Northern Lights: how to take a picture of the Aurora Borealis with your phone's camera using long exposure

You don't need an expensive DSLR camera to capture the phenomenon of the northern lights

If you live in the UK and you hear that the Aurora Borealis is visible in your area, you will have to hope the event is really strong or you are in an area of low light pollution, like the countryside. Otherwise, you might not be able to see the spectacle with the naked eye. 

However it may be possible to see the northern lights with a camera, like the one on your smartphone. Thousands of people across the UK managed to just that on Sunday night (26 February).

Professional astrophotographers modify consumer and professional cameras in combination with astrophotography equipment to capture high quality astro imagery.

But the technique they apply is what is known as a long exposure - a feature that most camera phones have.

What is long exposure?

In a DSLR or mirrorless camera the clicking sound you hear when you take a picture is the camera’s shutter opening over the sensor and closing again. The amount of time the sensor of a camera is exposed to light is known as the shutter speed. 

In well-lit areas, a camera’s shutter can be set to open and close in the fraction of a second. But if you're hoping to take pictures of stars, planets and other astronomical events like the aurora borealis, the shutter speed of a camera needs to be set to anything longer than 30 seconds. This is known as long exposure.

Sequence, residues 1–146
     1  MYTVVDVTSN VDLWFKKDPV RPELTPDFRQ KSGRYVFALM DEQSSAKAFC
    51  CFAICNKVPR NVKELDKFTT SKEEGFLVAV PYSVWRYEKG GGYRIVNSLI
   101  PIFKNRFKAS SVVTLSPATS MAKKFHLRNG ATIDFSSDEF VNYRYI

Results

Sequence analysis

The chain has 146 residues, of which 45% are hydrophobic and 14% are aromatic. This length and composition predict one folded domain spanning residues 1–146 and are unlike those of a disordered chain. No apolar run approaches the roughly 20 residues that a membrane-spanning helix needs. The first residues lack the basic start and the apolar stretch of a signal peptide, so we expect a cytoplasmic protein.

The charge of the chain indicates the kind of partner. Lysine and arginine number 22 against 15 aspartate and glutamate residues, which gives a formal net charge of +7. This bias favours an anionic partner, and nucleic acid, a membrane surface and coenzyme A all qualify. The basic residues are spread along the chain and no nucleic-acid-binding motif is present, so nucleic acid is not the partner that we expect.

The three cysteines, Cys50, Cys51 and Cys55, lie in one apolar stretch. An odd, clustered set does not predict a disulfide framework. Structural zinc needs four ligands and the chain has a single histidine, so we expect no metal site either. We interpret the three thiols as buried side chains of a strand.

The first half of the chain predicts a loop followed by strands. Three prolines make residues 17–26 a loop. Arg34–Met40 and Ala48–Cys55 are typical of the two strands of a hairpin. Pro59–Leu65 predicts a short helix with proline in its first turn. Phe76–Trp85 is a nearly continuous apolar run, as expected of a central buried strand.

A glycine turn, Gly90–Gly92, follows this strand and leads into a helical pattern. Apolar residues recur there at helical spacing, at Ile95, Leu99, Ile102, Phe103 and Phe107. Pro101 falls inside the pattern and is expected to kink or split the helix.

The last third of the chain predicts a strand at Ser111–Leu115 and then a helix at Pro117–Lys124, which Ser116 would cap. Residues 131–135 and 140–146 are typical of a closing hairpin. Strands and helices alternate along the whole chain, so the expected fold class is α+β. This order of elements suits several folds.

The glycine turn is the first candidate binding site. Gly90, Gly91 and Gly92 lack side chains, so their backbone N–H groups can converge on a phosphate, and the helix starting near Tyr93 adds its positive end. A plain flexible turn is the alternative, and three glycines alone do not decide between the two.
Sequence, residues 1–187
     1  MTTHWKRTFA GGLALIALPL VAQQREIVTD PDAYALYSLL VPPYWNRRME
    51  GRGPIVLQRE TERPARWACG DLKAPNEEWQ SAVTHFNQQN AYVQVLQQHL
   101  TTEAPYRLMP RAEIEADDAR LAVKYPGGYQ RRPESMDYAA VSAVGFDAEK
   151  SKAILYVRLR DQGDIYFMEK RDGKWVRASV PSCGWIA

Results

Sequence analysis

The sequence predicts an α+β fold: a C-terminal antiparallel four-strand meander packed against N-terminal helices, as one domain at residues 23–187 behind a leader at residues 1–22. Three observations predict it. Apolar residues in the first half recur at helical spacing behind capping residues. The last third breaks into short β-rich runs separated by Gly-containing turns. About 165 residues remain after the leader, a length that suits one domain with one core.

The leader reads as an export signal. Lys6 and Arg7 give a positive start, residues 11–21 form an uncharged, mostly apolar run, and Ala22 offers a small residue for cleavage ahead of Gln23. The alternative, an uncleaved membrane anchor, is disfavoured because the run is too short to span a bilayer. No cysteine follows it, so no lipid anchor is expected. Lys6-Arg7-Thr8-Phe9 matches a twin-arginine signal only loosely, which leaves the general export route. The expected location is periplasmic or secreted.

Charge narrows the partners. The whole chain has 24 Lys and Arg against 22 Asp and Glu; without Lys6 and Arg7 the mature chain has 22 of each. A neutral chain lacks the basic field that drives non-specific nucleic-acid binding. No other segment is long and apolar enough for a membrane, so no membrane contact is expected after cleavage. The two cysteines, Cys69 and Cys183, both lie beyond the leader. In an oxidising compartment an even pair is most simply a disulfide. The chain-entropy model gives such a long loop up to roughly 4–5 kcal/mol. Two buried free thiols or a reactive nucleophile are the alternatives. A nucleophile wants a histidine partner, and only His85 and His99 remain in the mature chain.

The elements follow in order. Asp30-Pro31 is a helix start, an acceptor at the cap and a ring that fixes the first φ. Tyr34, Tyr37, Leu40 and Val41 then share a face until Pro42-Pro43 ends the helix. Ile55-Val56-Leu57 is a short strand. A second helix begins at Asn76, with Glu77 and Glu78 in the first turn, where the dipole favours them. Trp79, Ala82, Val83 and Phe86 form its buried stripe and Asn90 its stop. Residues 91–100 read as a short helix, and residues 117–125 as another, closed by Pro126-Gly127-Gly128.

This allows a camera’s sensor to record all the light emitted within a scene over a prolonged period of time, making night environments almost appear like daytime.

The technique can also be used in well-lit environments to make objects that are moving appear streaky or blurred out.

A photo of the northern lights over Shropsire taken by Alex Murison (Image: PA / handout)
A photo of the northern lights over Shropsire taken by Alex Murison (Image: PA / handout)
A photo of the northern lights over Shropsire taken by Alex Murison (Image: PA / handout)

How do I take a long exposure shot on my phone's camera?

You do not have to have expensive camera equipment to take a decent long exposure shot of the aurora borealis. Your camera phone comes equipped with a feature known as night mode, which essentially takes a long exposure.

The only other accessory you might need is something to keep your phone static - such as a tripod, selfie-stick with tripod legs, or somewhere to lean your phone against.

On an iPhone, the feature turns on automatically when you are in photo mode and in a dark setting - as indicated by a half-moon icon at the top of your phone. Next to this icon, you can set the duration of your exposure. In this case, you want to set it for as long as you can.

On Samsung devices, you can swipe to the dedicated night mode within the camera app. If you can’t find this, keep swiping left until you see a section named 'more', where you will see an overspill menu with additional camera modes.

Once you have the mode open, click the timer icon at the top and set it to 10 seconds (the longest time available).

Once you have your camera set up, attach it to your trusty tripod, or lean it against whatever you can find.

After a couple of attempts, you will hopefully have the best picture of the aurora borealis on your smartphone.